“Dance movement” is the first piece to capture your attention when you walk into Gallery 151 in Chelsea for Anton Perich’s showing, Painting in the Machine, and it holds your gaze for the entirety of the visit. Even when you look away to see the other works – Many of which resemble brightly woven French beach towels and colorful throws with horizontal lines – your mind still lingers with “Dance Movement.”
The colors of “Dance Movement” completed in 2006, are pastel, fluorescent, and black – feminine and strong. There is the clear figure, in black, of a young figure turning to the side, her arms out wide, in a swirl. The horizontal lines matched with the body’s turn create an incredible and dynamic sense of movement. The horizontal lines of the paint drip down to create a second layer of movement in the painting.
Perich paints using a machine painting technique. He invented a painting machine in 1978, which in fact was an early version of the ink jet printers we are so familiar with today. The printing happens through the application of vertical lines of color, which are a distinctive feature of his works of art.
Perich’s background in film also comes through, with many cinematic images seemingly resting behind horizontal lines of color, like moving stills. In “Tesla,” there appears to be a man resting his face on his hands, and another painting features a figure resting against a wall.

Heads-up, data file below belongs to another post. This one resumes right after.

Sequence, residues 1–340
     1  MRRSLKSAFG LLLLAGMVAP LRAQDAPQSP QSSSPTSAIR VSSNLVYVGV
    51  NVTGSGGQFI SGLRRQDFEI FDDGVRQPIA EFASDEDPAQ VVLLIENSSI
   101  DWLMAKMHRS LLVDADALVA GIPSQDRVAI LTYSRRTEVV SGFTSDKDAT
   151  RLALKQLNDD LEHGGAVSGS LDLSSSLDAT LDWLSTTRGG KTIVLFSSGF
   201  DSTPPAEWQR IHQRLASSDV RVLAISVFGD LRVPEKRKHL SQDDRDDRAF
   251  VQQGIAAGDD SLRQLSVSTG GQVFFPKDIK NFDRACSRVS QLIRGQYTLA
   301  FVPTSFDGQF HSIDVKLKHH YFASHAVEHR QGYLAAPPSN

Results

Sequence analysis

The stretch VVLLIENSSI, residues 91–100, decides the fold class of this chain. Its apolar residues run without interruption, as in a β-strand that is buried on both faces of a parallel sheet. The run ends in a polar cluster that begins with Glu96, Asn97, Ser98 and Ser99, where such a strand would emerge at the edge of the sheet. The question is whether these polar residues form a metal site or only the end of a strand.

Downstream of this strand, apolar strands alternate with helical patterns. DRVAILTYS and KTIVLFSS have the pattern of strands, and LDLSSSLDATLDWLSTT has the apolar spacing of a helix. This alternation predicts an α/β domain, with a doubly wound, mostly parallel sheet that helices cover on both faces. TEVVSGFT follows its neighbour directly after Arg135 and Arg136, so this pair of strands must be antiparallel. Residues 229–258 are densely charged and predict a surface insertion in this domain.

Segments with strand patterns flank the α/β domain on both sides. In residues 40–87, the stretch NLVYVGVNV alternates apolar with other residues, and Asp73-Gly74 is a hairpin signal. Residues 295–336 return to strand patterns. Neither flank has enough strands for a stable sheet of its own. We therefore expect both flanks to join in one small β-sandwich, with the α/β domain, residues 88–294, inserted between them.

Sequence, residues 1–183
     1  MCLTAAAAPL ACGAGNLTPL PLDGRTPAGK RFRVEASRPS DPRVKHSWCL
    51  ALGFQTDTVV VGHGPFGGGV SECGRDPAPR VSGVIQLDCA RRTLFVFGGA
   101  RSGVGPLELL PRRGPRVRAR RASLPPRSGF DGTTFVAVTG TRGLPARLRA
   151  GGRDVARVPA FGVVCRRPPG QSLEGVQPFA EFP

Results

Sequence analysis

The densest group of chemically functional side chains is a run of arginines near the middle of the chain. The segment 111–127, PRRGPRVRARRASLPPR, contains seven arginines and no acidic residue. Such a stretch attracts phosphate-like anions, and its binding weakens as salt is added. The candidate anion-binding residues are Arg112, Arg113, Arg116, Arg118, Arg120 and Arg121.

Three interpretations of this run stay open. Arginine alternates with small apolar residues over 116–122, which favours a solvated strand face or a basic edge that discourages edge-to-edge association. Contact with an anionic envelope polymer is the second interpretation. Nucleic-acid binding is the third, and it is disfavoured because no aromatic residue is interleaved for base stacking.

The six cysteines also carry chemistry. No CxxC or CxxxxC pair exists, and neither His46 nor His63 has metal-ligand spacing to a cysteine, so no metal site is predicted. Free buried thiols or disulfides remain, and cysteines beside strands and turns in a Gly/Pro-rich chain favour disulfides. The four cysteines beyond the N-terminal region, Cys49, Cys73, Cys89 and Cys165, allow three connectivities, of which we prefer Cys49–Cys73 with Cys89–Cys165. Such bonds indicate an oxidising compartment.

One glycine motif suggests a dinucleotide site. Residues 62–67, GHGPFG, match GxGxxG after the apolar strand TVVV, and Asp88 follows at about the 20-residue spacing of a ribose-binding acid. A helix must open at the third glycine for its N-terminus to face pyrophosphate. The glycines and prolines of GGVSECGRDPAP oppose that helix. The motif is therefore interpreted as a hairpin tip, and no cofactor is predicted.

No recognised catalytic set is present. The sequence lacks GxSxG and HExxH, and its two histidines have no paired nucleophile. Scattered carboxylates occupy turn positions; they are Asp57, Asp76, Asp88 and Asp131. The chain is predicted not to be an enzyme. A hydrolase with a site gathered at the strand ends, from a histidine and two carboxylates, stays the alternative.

Drips in art are familiar, most famously in the work of Jackson Pollock, but with Perich, you get the sense of a human intervened in the processed data or color. It is as though something had gone awry with the ink jet and a human voice had disrupted the machine printing. The paintings leave you questioning the clean, clear processing of visual data. It leaves you questioning the overstimulation of information, and wondering, wanting to experience more of the elicited human emotion captured in distorted form.
“Reality is not what photography is about—it is an abstract world based on the seductive and the fantastic” – Anton Perich
Anton Perich: Painting in the Machine
Exhibiting June 16th – July 28th, 2016
Writing by Carmen James
Courtesy of Gallery 151; “Painting in the Machine” is curated by Wallplay; Anton Perich appears courtesy of Postmasters Gallery, New York.